The Telegram (St. John's)
Tougher penalties still needed in the offshore: MP
While the number of foreign offshore fishing vessels dropping gear outside Canada’s 200-mile limit has declined significantly since the 1990s, what remains the same is the criticism of the penalties given to vessels that break the rules.
Under the Northwest Atlantic Fisheries Organization (NAFO), which manages the area, vessels cited for illegal fishing-related offences have to be dealt with by their home countries — the NAFO contracting parties.
Many people and groups in the Canadian fishing industry criticize this process as allowing the vessels to get off easy, thus not being effective in curbing illegal fishing.
According to the Department of Fisheries and Oceans website, five foreign vessels received citations in 2014.
The latest was the Faroe Islands vessel Arctic Viking while it was fishing shrimp in NAFO division 3L in August.
On Aug. 18, Canadian NAFO inspectors boarded the vessel and discovered the ship’s master had not maintained a stowage plan as required under NAFO Conservation and Enforcement Measures.
In addition, there was no at-sea observer onboard the vessel, which was also a requirement under the measures. The absence of an observer automatically elevated the case to that of serious.
It wasn’t the Arctic Viking’s first citation. The ship is a repeat offender having received citations in 2009, 2008 and 2006.
The four other vessels that were issued citations in 2014 include: on May 5 the Russian vessel Melkart-3, on May 3 the Spanish vessel Puente Sabaris, on April 19 the Portuguese vessel Coimbra and on April 7 the Portuguese vessel Calvao.
The Calvao is another repeat offender. According to NAFO citations dating back to 2004, the ship was issued citations for various infractions on Aug. 2, 2013; April 29, 2009; April 27, 2007; June 2, 2006; and March 19, 2005.
The Puente Sabaris shows cita- tions issued on March 4, 2013 and March 2, 2005.
NDP MP Ryan Cleary says the fact there are many repeat offenders shows how ineffective NAFO is in punishing fishing vessels breaking the rules on the nose and tail of the Grand Banks, and on the Flemish Cap.
“You can’t knock Canada, the Department of Fisheries and Oceans and the military. They are doing their job. But in terms of the end result, it’s just not there,” Cleary said.
“I think these foreign vessels outside the 200-mile limit should be treated as those inside the 200-mile limit. If you cite a vessel for overfishing, bring it in to the adjacent country — in this case Canada — and throw the book at them.”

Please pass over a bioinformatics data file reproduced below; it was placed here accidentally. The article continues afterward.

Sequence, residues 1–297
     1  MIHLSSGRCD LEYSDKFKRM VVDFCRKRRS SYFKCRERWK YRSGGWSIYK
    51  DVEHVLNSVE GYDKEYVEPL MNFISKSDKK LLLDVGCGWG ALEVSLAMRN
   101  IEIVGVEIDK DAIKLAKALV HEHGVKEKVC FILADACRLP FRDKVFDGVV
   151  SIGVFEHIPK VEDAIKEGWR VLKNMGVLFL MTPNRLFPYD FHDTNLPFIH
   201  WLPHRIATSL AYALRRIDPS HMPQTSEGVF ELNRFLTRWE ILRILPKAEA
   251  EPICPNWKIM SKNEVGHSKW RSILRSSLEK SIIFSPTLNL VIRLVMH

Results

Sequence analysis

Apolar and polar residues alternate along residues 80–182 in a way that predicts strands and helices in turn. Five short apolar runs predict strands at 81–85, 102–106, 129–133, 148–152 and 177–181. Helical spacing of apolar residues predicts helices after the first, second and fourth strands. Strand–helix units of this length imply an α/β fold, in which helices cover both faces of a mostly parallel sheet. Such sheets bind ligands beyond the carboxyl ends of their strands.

Canadian fishery inspectors act as NAFO inspectors when outside the 200-mile limit. The inspectors provide their evidence to the home countries of the offending vessels and those countries have to conduct their own investigation and report to NAFO on what was found.
Cleary said he’s been for years seeking the information on what the outcomes of these cases are. As a journalist prior to becoming an MP, he filed access to information requests for the information. Now, as an MP, he has new ways to seek out the information.
“As a journalist, they always denied releasing the information because ‘it may jeopardize international relations’,” Cleary said. “One of the tools I have as a Parliamentarian is that I can put questions on an order paper, up to five at one time.
“The question I asked was, with regard to the Department of Fisheries and Oceans and Articles 39 and 40 of the NAFO Conservation and Enforcement Measures, what penalties, fines, and court actions have been imposed by the home countries of foreign trawlers that have been cited for illegal fishing in the NAFO regulatory zone off Canada’s East Coast over the past 10 years?”
The answer Cleary received from federal Fisheries Minister Gail Shea offered up some answers.
“Mr. Speaker, over the past 10 years, there have been 13 home countries of foreign trawlers that have been cited for illegal fishing in the NAFO regulatory zone off Canada’s East Coast. In total, there have been two verbal rebriefs, eight warnings, two vessels ordered to leave the NAFO regulatory area, one vessel suspended, 696,980.48 EU in fines, 12.000 EEK in fines, 100 LVL in fines, and 285 USD in fines.”
Cleary said an analysis done by his office on the DFO information found that over the past 10 years, a total of 144 citations were issued involving 56 vessels. The type of offences, he noted, included misrecording of catch, the use of liners or under-sized mesh, exceeding bycatch limits and failing to co-operate with inspections.
“According to this (information) there were no court actions. These penalties don’t work. They act as slaps on the wrist and this has been going on for decades,” Cleary said.
“And this goes back to our moratorium. When we stopped fishing inside they didn’t stop fishing outside. They did clamp down, but the bottom line, from my perspective, is the fines are too low. It is not a deterrent.
“Take all the verbal reprimands, the warnings or the little bit of monetary penalty imposed, you take that number and put it next to 56 vessels — and we are talking offences such illegal mesh, undersized mesh, hiding fish — these have been serious. Nothing’s changed, same old story year after year. Leaving it to the home port, that doesn’t work.”